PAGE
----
Korea’s new Covid-19 cases have tapered off to around 100 these days owing to the strengthened social distancing scheme. However, the public health authorities remained on high alert as the number of cluster infections increased to 52 in the past two weeks, up five times from early August.
The nation reported 136 new virus cases, including 120 local infections, raising the cumulative caseload to 21,432 as of midnight Monday, the Korea Centers for Disaster Control and Prevention said.
Five more people died of Covid-19, rapidly increasing the death toll to 341, reflecting the large share of seriously ill patients among the newly confirmed cases.
An additional 339 fully cured people were discharged from quarantine, increasing the total to 16,636. The country has tested 2,066,078 people since Jan. 3.
Of the 120 locally transmitted cases, 98 occurred in the greater Seoul area, including Incheon and Gyeonggi Province. Health officials also confirmed additional infections in other municipalities and provinces, with Gwangju reporting 12 new cases, followed by four in Daejeon, three in Ulsan, and one in Busan, Sejong, and North Chungcheong Province.
The number of infections tied to Sarang Jeil Church in northern Seoul has increased to 1,163 as of Monday, and infections related to the anti-government rallies in central Seoul on Aug. 15 have climbed to 532.
Cases related to the church, led by an ultra-right pastor Jun Kwang-hoon, have emerged as the second-largest cluster infection in the country following another church - the minor religious sect of Shincheonji, which recorded the single largest cluster infection here of more than 5,000 virus cases in Daegu in late February and early March.
The authorities also confirmed a series of infections at a religious facility in Nowon-gu (45) and a telemarketing call center in Gangdong-gu (18), Seoul, a restaurant in Gwangju (11), and an online hiking cafe meeting (five).
"In addition to religious facilities, infections occur in multiuse facilities such as medical and nursing institutions, indoor sports centers, and workplaces," Vice Minister of Health and Welfare Kim Gang-lip said during a daily task force meeting. "Particular attention is needed as group infections are resurging through door-to-door sales targeting the elderly."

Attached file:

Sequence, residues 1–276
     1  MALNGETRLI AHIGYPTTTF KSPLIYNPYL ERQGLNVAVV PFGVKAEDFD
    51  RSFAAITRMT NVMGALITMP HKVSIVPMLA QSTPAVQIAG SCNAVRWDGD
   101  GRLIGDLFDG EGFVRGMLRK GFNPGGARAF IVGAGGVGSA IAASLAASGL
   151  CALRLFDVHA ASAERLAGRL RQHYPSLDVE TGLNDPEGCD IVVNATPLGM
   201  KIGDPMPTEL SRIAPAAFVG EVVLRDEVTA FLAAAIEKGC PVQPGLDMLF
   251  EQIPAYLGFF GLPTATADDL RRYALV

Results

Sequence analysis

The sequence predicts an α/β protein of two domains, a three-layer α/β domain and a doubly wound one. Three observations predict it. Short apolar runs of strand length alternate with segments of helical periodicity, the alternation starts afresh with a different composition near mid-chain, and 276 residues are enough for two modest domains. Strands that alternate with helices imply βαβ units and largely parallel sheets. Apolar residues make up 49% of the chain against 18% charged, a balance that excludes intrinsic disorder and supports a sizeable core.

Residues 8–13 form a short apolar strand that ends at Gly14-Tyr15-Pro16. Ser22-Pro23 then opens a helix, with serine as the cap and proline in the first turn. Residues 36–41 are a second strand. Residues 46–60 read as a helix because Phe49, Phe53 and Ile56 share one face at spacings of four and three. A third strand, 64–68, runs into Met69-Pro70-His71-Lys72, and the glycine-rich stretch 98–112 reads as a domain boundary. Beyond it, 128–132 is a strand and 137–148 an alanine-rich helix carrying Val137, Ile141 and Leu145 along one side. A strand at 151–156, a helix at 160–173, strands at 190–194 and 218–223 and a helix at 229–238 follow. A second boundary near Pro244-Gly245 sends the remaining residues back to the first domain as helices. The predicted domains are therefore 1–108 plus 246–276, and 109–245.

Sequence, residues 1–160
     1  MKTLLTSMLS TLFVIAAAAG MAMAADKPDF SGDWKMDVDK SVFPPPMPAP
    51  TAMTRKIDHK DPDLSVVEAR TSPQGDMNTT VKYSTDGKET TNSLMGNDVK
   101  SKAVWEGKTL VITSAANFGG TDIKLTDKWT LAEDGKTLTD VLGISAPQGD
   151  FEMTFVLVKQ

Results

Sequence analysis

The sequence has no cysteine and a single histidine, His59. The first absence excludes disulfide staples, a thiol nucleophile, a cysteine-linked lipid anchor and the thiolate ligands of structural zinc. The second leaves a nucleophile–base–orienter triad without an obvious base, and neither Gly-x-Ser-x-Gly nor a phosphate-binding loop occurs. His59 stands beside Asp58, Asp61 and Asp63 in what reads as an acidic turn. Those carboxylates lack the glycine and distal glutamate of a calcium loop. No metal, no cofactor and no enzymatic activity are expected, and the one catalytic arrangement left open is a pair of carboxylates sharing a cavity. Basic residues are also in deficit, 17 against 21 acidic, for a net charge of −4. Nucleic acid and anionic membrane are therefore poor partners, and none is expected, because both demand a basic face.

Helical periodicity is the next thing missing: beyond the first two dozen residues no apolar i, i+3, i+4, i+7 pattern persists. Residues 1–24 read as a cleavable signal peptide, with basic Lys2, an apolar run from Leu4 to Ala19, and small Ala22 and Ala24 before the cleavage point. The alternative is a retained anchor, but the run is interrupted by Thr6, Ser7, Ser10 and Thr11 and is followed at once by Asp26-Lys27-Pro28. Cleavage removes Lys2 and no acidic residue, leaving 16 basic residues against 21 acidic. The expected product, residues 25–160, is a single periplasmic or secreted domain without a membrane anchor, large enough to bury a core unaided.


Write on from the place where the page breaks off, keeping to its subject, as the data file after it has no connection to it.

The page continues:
As the Covid-19 virus is has a higher fatality among older people, they should refrain from visiting closed, intimate, or dense facilities as much as possible, Kim added.
"In the case of workplaces where workers are concentrated, individuals can spark mass infections," Kim said. "The government urges call centers and logistics warehouses to recheck basic quarantine rules, such as wearing masks, periodic ventilation, and distancing workers, are well followed."
The participants in the daily meeting also checked the implementation of quarantine measures at restaurants.
"As a result of checking 210,000 restaurants and cafes after the reinforced stage-two distancing measures in the metropolitan area, we found the quarantine regulations were faithfully followed except for a few places," Kim said. "We sincerely thank owners for their active participation, and look forward to their continued efforts to keep up the quarantine guideline."
Health officials remain vigilant against a potential rebound in virus cases due to people's movements during the upcoming Chuseok (Korean Thanksgiving) holiday.
This year's Chuseok holiday runs from Sept. 30 to Oct. 4. The Korean autumn harvest celebration is one of the country's biggest traditional holidays and serves as a chance for family members to visit their hometowns.
Monday, Prime Minister Chung Sye-kyun asked people to skip visiting parents during the traditional family reunion season and stay home this year. The government, which designated Aug. 17 as a temporary holiday to spark dormant consumption and still suffers from its aftereffects, should not repeat the mistake, officials said.
Korea reported 16 imported cases. Four patients were from Turkey and India, three from Indonesia, and one from Uzbekistan, Kyrgyzstan, Russia, Qatar, and Senegal.